According to the National Survey on Drug Use and Health, 10.4 percent of Coloradans over the age of 12 said they’d used marijuana in the past month when asked during a period in 2011–2012. That figure jumped to 12.7 percent the next year, meaning that Colorado has the second-highest (heh) percentage of regular weed consumers in the United States. (Rhode Island is No. 1, while the national rate is a considerably less chill 7.4 percent.) The survey didn’t include numbers from 2014, the year Colorado’s recreational pot sales began, so it doesn’t tell us if usage increased with legalization — but it does at least partially explain how ol’ Amendment 64 passed in the first place.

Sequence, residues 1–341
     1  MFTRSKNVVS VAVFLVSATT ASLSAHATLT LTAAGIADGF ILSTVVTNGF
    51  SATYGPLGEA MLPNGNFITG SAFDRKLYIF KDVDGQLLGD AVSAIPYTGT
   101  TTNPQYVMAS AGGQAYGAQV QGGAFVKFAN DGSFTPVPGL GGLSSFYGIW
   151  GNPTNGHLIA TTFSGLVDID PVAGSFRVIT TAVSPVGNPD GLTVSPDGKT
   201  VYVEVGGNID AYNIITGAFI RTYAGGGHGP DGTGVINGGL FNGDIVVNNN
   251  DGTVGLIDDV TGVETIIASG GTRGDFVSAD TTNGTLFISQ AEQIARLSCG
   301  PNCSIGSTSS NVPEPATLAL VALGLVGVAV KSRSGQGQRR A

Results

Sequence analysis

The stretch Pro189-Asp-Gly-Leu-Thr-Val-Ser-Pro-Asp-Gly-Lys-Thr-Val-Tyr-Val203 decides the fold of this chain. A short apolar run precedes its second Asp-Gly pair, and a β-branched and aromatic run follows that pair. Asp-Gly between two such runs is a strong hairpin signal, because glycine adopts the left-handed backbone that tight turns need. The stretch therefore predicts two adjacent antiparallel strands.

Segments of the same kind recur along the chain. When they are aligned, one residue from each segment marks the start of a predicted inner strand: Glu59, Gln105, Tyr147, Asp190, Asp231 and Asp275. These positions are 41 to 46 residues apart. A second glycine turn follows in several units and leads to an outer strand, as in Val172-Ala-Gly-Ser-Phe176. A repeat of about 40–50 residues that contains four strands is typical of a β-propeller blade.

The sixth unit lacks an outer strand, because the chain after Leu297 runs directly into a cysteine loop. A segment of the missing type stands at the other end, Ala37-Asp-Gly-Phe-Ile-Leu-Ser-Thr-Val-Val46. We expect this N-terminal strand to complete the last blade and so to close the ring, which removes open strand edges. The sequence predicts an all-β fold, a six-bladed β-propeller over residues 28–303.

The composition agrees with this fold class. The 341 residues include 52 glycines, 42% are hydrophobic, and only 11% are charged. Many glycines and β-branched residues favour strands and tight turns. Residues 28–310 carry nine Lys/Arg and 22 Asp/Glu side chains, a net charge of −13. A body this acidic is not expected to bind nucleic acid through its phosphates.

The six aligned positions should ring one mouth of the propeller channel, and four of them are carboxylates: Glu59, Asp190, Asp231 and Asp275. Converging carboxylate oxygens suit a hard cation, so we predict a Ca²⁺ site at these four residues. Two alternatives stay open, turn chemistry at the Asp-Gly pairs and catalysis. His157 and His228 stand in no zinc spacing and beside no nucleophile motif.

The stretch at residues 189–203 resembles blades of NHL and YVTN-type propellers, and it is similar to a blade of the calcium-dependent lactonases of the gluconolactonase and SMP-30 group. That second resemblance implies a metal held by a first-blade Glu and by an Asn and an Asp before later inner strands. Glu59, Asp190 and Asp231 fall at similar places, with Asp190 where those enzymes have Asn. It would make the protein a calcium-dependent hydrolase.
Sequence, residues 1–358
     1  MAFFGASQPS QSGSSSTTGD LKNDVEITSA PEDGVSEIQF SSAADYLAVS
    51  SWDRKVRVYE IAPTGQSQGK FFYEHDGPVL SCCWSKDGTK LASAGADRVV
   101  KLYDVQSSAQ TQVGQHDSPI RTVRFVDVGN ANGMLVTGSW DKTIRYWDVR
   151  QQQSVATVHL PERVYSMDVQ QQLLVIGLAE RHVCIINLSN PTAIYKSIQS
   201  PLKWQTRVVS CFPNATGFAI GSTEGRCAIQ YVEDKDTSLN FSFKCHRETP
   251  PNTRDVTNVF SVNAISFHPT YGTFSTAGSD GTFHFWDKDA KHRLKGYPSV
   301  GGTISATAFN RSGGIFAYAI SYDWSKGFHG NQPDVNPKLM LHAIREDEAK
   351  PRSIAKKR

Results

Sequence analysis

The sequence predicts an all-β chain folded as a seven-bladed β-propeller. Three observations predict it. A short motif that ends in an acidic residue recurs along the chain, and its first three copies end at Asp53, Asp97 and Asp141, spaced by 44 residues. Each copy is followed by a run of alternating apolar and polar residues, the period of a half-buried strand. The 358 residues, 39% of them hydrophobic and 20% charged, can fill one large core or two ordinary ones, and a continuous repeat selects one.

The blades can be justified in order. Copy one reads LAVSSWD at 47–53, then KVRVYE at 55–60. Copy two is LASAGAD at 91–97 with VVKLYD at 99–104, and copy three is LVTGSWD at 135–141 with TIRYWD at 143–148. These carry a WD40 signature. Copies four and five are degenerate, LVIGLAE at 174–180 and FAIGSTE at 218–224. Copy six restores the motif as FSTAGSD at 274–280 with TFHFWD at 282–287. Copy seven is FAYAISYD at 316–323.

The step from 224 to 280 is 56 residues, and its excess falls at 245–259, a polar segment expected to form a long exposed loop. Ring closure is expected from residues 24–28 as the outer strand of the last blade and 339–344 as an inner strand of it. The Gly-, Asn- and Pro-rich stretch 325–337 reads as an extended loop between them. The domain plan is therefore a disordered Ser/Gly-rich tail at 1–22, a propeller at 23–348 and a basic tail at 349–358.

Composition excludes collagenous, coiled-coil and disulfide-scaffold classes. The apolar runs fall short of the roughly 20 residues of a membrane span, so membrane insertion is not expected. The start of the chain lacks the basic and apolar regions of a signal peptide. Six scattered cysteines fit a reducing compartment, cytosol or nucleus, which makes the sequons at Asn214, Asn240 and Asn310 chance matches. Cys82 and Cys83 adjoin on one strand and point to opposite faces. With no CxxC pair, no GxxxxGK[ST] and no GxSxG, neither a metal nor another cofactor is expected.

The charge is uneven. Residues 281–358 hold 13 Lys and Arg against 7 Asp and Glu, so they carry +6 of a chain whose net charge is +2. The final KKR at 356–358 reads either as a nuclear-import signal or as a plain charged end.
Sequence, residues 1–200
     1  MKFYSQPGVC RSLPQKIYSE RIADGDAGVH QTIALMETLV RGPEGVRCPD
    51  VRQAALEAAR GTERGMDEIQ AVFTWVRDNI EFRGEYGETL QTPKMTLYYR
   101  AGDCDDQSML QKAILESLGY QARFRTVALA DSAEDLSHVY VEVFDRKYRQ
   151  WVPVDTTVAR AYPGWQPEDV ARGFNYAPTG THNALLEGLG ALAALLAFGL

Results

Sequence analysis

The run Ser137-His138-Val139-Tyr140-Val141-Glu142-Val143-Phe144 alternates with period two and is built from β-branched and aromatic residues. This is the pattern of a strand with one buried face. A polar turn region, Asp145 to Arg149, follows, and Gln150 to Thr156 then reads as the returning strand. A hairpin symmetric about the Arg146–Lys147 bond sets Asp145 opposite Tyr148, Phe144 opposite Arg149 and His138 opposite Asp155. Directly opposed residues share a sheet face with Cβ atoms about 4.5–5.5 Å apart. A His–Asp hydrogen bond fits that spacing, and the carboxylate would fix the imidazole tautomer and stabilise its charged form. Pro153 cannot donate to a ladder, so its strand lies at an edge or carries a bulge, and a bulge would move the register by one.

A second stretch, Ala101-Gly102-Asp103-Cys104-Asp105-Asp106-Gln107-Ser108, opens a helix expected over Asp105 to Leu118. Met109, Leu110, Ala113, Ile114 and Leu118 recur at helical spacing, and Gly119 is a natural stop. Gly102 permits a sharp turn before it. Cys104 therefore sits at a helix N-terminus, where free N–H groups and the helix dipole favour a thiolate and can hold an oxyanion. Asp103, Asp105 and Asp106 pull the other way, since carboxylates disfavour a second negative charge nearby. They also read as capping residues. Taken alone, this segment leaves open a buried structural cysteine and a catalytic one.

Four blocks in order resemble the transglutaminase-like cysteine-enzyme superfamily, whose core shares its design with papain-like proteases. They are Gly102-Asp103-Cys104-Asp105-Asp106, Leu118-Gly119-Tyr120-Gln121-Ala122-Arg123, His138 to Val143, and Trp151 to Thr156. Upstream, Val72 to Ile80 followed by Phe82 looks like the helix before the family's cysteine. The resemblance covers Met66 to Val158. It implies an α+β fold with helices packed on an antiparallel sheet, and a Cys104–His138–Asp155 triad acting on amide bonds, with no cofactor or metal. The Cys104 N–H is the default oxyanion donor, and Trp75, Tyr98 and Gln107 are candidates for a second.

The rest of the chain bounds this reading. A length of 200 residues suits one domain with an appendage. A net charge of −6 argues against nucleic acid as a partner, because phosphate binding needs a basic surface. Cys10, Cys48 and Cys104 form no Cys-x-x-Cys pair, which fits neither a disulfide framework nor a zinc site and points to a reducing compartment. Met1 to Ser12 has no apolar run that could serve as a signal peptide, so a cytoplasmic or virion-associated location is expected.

We’re all committed — I’m committed to make sure that we’ve got all of this cleaned out, and protected. Gotta take care of the floors, you know, the floors of the forest. It’s very important. You look at other countries where they do it differently, and, it’s a whole different story. I was with the president of Finland, and he said, “We have a, much different — we’re a forest nation.” He called it “a forest nation.” And they spent a lot of time on raking and cleaning and doing things, and they don’t have any problem. And when it is, it’s a very small problem. So, uh, I know everybody’s looking at that. To that end. And it’s gonna work out. It’s gonna work out well.